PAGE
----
In New Zealand, 70% of people choose cremation. Cremation is the process of reducing a body to fine bone fragments using high heat.  Some religious denominations require cremation to happen as soon as possible after death. Most crematoriums request 24 hours notice, but urgent cremations are possible.

Booking a cremation

You’ll need to make a booking and pay a fee. Some people arrange for cremation to happen on the same day as the funeral, but there’s no requirement to hold a service in order to book a cremation.

Crematoriums are usually run by local councils so rules may vary, in particular around what sort of materials are permitted for the coffin. It’s worth checking their requirements first if you’re wanting to make or provide your own coffin.

Cremations are highly regulated, there are forms to fill out and certain documentation and information will be requested from you. Some of this is to match the nameplate on the coffin to verify the identity of the deceased.

Generally these forms include:

  • Medical practitioner’s certificate
  • Application for cremation
  • Certificate in relation to pacemakers and implants
  • Permission to cremate (this must be signed by a medical referee)
  • Cremation register (this is done after cremation, when the ashes are being returned).

Cremating someone with medical implants

Pacemakers and any other battery powered medical devices, such as spinal cord stimulators and nerve stimulators must be removed before cremation. Either a doctor, someone working in the hospital morgue or the mortician working at the funeral home will be able to remove the pacemaker from your loved one’s body.

Cochlear implants, metal plates or screws, artificial hips and other implants without internal batteries are not required to be removed.

Coffins for cremations

The coffin used for a cremation must have a firmly fixed nameplate and be made of materials that are combustible. There are rules around what can be placed inside a coffin for a cremation, not all funeral decorations can be cremated with your loved one. Anything metal, glass or plastic will need to be removed. Read more about what you can put in a coffin.

What happens a during cremation?

Cremations are performed individually, one at a time. A body must be in a coffin but this can be plain, even cardboard. Some crematoria allow burial shrouds to be used.

Inside their coffin/casket, the body is placed in the cremator, a special chamber designed to withstand the very high heat produced. After approximately 2 hours, the remains are reduced to bone fragments. You can request to be present when the casket is placed into the cremator. There is a charge for this and as the space available for viewing is usually small, only a few people will be able to attend.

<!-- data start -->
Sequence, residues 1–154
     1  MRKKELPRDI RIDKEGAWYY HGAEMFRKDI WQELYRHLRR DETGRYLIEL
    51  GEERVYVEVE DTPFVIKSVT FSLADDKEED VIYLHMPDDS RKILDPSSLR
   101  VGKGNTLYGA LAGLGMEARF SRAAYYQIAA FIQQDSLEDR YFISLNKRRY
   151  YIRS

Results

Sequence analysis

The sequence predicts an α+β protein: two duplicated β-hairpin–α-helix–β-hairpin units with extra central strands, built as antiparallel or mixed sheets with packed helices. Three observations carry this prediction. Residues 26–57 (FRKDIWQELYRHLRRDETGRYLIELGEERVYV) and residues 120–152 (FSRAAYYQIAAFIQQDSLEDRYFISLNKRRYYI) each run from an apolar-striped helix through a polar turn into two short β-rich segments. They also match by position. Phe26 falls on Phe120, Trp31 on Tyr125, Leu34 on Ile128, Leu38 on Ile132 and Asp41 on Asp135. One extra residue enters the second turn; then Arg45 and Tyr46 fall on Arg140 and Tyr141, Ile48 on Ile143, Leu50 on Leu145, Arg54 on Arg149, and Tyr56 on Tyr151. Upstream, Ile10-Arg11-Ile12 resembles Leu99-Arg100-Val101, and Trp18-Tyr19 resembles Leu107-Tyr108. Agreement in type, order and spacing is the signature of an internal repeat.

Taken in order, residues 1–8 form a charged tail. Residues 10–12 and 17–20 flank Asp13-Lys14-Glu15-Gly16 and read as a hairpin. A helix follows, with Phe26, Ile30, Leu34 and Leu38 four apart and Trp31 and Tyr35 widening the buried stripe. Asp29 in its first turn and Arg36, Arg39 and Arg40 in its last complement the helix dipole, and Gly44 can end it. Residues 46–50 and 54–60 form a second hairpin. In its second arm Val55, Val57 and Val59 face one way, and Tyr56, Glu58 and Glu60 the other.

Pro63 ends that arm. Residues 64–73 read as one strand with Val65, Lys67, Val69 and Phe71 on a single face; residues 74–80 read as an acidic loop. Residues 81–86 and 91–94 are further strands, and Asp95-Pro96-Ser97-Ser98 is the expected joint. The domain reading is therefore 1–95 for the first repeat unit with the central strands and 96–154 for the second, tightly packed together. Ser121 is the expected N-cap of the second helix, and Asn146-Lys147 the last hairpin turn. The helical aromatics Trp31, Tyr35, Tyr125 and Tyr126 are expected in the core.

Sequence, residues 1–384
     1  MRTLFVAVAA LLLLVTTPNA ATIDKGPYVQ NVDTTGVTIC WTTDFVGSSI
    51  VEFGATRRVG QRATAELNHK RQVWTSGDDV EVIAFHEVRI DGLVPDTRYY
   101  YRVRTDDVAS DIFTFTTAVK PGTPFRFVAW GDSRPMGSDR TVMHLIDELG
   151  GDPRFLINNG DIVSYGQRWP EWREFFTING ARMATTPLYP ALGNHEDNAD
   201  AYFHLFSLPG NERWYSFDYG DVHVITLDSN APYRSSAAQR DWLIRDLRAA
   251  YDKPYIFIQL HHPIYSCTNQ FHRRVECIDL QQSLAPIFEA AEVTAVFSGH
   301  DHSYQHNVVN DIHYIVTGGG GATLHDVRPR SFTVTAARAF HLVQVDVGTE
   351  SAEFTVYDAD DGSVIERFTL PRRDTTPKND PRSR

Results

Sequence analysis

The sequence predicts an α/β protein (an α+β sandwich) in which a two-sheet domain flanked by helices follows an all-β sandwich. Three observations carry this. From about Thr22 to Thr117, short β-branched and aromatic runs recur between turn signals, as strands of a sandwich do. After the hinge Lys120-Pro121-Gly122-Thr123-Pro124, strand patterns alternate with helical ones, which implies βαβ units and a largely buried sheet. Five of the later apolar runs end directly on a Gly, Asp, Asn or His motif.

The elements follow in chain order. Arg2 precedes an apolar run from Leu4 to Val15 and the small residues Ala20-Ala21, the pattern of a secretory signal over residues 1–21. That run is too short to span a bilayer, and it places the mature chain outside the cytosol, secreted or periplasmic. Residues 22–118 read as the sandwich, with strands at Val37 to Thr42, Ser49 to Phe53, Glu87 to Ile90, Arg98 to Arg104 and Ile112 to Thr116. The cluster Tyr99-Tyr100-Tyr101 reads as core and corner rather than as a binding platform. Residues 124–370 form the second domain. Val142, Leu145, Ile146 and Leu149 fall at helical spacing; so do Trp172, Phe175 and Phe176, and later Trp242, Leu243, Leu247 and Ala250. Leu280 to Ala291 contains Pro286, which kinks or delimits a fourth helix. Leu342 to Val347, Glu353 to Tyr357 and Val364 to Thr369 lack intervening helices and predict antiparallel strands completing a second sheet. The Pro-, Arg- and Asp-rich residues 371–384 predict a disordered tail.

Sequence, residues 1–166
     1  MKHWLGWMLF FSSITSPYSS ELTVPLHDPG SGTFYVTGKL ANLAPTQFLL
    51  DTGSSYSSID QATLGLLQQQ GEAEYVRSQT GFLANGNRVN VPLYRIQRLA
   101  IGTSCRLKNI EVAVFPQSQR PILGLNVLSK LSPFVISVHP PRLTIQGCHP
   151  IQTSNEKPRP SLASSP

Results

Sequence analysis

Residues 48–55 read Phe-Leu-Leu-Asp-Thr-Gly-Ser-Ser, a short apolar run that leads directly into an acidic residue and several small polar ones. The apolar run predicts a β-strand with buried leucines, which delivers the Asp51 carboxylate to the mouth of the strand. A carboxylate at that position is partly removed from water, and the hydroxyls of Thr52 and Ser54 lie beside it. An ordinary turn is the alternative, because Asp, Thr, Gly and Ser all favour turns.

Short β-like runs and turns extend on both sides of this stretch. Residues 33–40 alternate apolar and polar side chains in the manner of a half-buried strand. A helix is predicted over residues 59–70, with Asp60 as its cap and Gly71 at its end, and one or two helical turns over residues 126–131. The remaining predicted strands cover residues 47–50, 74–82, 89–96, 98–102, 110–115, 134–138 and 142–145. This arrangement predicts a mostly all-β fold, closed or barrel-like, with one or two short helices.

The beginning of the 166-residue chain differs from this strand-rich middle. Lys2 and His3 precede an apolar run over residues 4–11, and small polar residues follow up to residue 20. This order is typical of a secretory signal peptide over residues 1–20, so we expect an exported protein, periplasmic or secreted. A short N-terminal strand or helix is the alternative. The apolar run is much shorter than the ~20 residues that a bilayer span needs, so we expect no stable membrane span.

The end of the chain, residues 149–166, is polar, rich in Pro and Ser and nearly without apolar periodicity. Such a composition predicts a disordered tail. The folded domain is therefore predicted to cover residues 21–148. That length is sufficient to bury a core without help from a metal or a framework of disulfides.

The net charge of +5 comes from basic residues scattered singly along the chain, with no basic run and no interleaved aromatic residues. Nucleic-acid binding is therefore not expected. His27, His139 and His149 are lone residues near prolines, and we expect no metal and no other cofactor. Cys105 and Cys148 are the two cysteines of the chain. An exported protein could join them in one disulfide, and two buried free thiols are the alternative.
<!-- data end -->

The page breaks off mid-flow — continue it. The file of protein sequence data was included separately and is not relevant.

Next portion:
Once the cremation process is complete, the operator then removes any metal objects, like implants, fillings and parts of the casket or cremation container. The bone fragments are crushed in a piece of equipment called a cremulator and the processed remains placed in a named, sealed container ready for collection. Most crematoria require that the cremation remains are collected within a certain timeframe, often 28 days.

Direct Cremation Option

A ‘direct cremation’ is simply, transfer of the deceased into the care of a funeral home, with no other family involvement or ceremony when there. The funeral home obtains of all medical documentation such as death certificate and transfers the body directly to the crematorium, later returning the ashes to the family. The body is not embalmed and there is no option for the family to view the body.  This is a more affordable option with some families then choosing to remember their loved one at a simple memorial celebration at home or at a local club.

What happens after a cremation?

Within 3 days of a cremation, the office of Births, Deaths and Marriage must be informed. If you’re using the services of a funeral director, they’ll do this for you. It’s free to register a death, but there’s a fee to order a death certificate.

What can I do with the ashes?

Once you’ve collected the ashes, you can choose to keep the cremated remains at home, bury them, place them in a special location or scatter them. Read more about what to do with ashes.


Cremation not in a crematorium

If it is noted in the application for cremation that the deceased belonged to a religious denomination whose beliefs require the burning of the body to be carried out as a religious rite somewhere other than in an approved crematorium, the Medical Officer of Health may permit the cremation to be carried out in the requested location.

Once you’ve collected the ashes, you can choose to keep the cremated remains at home, choose to bury them, place them in a special location or scatter them.